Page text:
Desperately needed legislation can be brought in very quickly
George Brown needed 200 stitches after being bitten by a bull terrier
Dangerous Dogs Act 1991
was hastily drawn-up after six-year-old Rukhsana Khan suffered
dreadful injuries when she was savaged by a pit bull terrier. The attack
occurred near her home in Bradford in May 1991.
There was public outrage when pictures of her in hospital were shown on
Acting in haste produces poor legislation The
Dangerous Dogs Act 1991
made it illegal to have. The four banned breeds are the Pit
Bull Terrier (unmuzzled
in public), the Japanese Tosa (no one had ever seen one in the UK), the Dogo
Argentino, and the Fila Brasileiro.
It also bans any other dog "appearing... to be bred for fighting or to
have the characteristics of a type bred for that purpose". This
particular wording has led to many complicated, and ridiculed, discussions
in courts about what exact type a particular dog is.
The act does not include
Rottweilers. In September 2006 a 5-month-old five-month-old
Cadey-Lee Deacon was killed by two Rottweiler dogs.
The Act does not include the
Presa Canario, a cross between a bulldog and
a mastiff, weighs up to eight stone, currently favoured by criminals.
Such dogs could be destroyed on an order of a court. This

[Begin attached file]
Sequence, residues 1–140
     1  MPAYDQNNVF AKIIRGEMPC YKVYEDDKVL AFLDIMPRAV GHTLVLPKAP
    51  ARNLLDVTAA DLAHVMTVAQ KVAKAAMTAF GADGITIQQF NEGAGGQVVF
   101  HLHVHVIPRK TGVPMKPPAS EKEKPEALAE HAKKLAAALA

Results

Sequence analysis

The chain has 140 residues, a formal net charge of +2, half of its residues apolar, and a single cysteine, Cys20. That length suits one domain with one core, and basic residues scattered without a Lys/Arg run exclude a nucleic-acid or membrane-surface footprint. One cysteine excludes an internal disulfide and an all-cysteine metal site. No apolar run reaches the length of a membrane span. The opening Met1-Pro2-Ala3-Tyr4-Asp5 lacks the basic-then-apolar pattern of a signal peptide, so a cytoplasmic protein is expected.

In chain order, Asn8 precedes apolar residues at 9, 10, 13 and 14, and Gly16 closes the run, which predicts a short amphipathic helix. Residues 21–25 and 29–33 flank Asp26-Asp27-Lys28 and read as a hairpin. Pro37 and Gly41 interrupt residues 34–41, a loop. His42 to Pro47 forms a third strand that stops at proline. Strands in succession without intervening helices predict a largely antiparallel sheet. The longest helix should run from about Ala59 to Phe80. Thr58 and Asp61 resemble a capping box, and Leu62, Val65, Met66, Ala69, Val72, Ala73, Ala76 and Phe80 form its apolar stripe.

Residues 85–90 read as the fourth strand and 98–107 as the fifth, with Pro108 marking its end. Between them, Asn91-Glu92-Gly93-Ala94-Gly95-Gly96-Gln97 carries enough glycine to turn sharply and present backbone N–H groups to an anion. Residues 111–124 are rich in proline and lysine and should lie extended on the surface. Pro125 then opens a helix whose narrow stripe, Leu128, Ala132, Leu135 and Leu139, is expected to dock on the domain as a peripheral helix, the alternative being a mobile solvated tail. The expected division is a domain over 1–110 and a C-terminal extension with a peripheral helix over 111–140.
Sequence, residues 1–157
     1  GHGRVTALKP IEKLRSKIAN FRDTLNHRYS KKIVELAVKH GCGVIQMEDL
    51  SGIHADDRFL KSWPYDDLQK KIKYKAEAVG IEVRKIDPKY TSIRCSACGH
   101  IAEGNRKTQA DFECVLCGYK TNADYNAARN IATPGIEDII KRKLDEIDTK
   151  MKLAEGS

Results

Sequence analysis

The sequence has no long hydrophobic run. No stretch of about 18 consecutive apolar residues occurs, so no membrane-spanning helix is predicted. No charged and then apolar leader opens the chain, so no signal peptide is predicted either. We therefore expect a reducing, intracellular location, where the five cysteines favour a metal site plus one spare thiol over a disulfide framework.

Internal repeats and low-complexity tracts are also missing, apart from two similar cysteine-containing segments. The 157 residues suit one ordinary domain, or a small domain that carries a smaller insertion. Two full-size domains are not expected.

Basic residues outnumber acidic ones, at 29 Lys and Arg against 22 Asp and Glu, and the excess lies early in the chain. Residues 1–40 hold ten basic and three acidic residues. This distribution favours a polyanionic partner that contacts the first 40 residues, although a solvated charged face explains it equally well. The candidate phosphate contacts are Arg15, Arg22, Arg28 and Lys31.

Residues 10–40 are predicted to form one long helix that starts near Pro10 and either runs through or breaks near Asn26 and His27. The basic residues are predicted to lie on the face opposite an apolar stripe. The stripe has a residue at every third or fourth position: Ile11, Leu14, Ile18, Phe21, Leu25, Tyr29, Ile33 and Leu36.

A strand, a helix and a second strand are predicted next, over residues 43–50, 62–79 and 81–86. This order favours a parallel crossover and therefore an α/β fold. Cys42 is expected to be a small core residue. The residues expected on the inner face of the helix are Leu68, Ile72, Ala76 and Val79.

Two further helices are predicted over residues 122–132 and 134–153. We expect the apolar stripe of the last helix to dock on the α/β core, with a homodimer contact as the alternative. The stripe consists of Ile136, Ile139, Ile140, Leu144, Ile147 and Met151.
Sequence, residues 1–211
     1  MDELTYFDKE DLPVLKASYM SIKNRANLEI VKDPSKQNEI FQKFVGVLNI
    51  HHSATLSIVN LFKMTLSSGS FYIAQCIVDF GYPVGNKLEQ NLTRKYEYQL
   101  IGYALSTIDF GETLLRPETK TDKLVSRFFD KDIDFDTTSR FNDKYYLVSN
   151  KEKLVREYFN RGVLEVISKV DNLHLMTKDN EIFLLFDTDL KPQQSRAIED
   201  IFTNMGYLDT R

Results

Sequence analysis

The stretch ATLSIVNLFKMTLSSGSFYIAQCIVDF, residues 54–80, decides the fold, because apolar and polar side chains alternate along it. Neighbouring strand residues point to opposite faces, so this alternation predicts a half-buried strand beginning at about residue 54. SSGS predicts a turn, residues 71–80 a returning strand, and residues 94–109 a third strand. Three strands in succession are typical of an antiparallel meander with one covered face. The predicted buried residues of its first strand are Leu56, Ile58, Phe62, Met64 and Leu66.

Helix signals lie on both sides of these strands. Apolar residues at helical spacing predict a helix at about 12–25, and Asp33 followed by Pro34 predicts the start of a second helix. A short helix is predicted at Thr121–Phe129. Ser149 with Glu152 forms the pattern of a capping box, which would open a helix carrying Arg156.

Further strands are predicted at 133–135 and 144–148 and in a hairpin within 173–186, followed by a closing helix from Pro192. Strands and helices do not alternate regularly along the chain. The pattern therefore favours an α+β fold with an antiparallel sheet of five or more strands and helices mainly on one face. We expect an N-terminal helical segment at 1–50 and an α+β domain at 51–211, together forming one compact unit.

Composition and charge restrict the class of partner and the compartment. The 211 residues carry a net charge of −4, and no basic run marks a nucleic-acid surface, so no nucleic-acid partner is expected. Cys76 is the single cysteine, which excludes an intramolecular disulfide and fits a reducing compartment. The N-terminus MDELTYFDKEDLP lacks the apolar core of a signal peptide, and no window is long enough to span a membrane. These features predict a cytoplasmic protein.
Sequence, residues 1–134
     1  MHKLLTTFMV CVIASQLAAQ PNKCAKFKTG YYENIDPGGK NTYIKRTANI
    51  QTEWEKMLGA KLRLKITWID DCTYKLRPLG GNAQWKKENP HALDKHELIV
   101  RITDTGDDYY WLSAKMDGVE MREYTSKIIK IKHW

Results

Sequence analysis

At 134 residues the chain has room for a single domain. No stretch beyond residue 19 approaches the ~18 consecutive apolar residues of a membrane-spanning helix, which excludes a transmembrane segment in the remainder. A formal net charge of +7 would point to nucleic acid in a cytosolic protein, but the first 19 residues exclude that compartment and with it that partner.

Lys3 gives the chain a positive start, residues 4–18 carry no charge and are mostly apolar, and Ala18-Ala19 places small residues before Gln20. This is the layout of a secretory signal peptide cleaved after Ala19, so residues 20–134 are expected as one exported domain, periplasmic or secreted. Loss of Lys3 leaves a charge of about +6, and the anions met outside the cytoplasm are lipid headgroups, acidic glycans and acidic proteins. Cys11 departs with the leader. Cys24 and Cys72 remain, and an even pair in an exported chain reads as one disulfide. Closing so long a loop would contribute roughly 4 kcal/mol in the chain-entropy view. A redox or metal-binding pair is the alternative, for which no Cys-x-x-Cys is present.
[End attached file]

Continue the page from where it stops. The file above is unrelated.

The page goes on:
produced endless arguments about what a dog of “the type” meant. Rougier J
in R v The Ealing Magistrates' Court, ex parte Fanneran
(1995) QBD said of the Act that it
“bears all the hallmarks of
an ill-thought-out piece of legislation, no doubt in hasty response to yet
another strident pressure group “
An an ageing innocent
Pit Bull Terrier called 'Tyson'
was destroyed because of the inflexibility in the Act. News report
From 1,222 prosecutions in 1992 prosecutions
dropped to 449 in 1996, but since then the number has risen to 608 (in
2004). Which suggest that the Act has had only partial effect.
Ellie Lawrenson aged 5 was killed by
a “pitbull terrier type” she was mauled by her uncle’s dog at her
grandmother’s house early on New Year’s Day 2007. The grandmother was
subsequently acquitted of manslaughter.
Lord Baker of Dorking, who as Home Secretary
introduced the Bill commenting on the death of Ellie, said that
American Pit Bulls should have been eradicated from Britain.
He said that the bill had been watered down reducing its effectiveness.
“The whole purpose of the Act was to
eliminate that particular breed from . . . our country. They are vicious
dogs and bred for fighting”.
The Act makes it an offence to have a dog dangerously
out of control only in a public place.
The Act does not apply to dogs on private premises so a householder
escapes legal sanctions under the Act if his dog bites a neighbour's
There is no compulsory registration scheme, so it is sometimes impossible
to link a dangerous dog to the owner.
There is no provision for micro-chipping dogs.
No strong sentencing provision such as mandatory life bans from dog
ownership in serious cases.
There is no requirement for a record of control orders.
is no specific offence of allowing a dog to stray.
Act makes no provision for fixed penalty fines for owners.